Your donation will support the student journalists of Kirkwood High School. Your contribution will allow us to purchase equipment and cover our annual website hosting costs.
March 9, 2020
Randy Kriewall, Jeremy’s basketball coach at KHS, remembers one of his first conversations with Jeremy during his freshman basketball season.
“[I was] thinking this is a big moment for the kid, here’s the varsity coach. And I said, ‘We really want you to come up and play on varsity,’” Kriewall said. “His response was, ‘Well, I can’t until the freshman season is over because I made a commitment to these guys when we started the year, and I’m not going to break that commitment. So when we’re done [with the freshman season], I’d be happy to do that.’ And I [thought], ‘Who is this guy? What kid, as a freshman, thinks that way?’”
Kriewall said he was impressed right away with how Jeremy put other people first. In the same way, after walking away from playing professional football, Jeremy returned to KHS to help other people through coaching. As a coach, Jeremy primarily works with wide receivers for the KHS football team, and he coaches other aspects of the team as well. Jay Maclin, also a wide receiver, is currently playing his senior season at KHS this year before continuing the family tradition of going to Mizzou on a football scholarship. Jay said he has noticed how all of his KHS teammates respect Jeremy, knowing he made it to the highest level.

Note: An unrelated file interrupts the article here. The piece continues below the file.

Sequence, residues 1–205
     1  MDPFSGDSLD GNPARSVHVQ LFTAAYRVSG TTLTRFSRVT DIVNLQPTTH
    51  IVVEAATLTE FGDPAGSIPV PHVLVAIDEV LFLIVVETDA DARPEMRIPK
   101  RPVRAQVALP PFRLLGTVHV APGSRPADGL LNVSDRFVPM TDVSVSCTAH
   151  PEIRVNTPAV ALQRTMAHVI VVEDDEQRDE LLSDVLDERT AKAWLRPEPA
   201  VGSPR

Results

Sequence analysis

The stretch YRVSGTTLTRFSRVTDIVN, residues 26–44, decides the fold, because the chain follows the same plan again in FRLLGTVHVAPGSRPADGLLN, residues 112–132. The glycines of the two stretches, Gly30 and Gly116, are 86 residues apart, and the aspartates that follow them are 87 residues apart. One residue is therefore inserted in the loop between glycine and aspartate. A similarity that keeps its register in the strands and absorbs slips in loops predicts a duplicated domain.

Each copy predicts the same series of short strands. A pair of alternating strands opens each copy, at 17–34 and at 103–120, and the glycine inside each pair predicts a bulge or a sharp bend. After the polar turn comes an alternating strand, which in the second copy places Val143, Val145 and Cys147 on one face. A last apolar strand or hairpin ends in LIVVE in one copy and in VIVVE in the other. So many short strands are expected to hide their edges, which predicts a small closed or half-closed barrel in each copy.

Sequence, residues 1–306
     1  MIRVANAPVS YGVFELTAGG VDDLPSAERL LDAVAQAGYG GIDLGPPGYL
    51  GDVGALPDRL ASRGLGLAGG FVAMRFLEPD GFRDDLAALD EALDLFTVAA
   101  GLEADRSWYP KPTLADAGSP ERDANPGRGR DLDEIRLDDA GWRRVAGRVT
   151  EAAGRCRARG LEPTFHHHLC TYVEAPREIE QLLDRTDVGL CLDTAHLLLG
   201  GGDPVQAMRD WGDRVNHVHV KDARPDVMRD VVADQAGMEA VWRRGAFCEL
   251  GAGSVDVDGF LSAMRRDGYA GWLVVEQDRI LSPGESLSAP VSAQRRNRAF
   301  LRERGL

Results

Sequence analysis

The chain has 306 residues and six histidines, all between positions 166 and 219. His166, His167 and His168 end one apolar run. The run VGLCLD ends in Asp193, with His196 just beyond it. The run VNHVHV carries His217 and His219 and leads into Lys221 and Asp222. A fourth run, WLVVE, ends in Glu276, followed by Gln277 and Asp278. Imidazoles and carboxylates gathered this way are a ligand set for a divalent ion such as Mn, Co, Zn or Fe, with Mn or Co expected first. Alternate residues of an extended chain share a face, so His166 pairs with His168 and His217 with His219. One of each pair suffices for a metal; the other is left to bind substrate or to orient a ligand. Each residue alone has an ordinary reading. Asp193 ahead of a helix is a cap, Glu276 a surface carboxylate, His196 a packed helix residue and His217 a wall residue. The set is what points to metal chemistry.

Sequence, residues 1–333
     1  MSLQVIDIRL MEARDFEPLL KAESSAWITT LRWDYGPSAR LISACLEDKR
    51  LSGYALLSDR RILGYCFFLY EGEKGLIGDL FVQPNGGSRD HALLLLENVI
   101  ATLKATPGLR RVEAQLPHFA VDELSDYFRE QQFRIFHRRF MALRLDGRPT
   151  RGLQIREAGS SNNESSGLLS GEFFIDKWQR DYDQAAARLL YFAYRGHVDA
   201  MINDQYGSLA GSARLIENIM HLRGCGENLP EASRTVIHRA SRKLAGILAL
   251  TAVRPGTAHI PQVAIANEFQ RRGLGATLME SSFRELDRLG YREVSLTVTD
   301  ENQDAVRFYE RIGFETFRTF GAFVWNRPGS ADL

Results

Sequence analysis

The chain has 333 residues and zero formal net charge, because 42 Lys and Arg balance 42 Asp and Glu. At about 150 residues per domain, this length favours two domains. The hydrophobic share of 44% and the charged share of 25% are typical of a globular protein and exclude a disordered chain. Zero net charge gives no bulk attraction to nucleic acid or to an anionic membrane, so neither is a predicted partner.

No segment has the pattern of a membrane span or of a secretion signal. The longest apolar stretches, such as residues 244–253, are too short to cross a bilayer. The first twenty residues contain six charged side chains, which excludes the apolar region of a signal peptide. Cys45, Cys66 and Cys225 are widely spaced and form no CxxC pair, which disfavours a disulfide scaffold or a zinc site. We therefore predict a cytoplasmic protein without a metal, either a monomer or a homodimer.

“He doesn’t need a job, but he just wants to help,” Jay said. “He wants our team, he wants Kirkwood to be great. He knows that people look up to him here, so him being here is appreciated by everyone.”
According to KHS Principal Dr. Michael Havener, what Jeremy brings to the table as a coach goes beyond football experience, but life experience as well. Havener said Jeremy has a bigger impact on helping people due to his hard work and everything he has overcome.
“Obviously, he’s knowledgeable about football, and that’s great, but I think he’s more of a mentor and [he] will take students [and] impact their personal lives. [They will] learn from him and grow into outstanding individuals who are successful,” Havener said. “Whether we score an additional touchdown because he’s a coach, that’s great, but the more important thing is that mentorship he provides to not only football players, but people in general.”
First, Jeremy was a Pioneer. Then he became a Tiger. After that, an Eagle, a Chief and a Raven.
And now, he is a Pioneer again.
“It’s surreal, going back to where it all started.”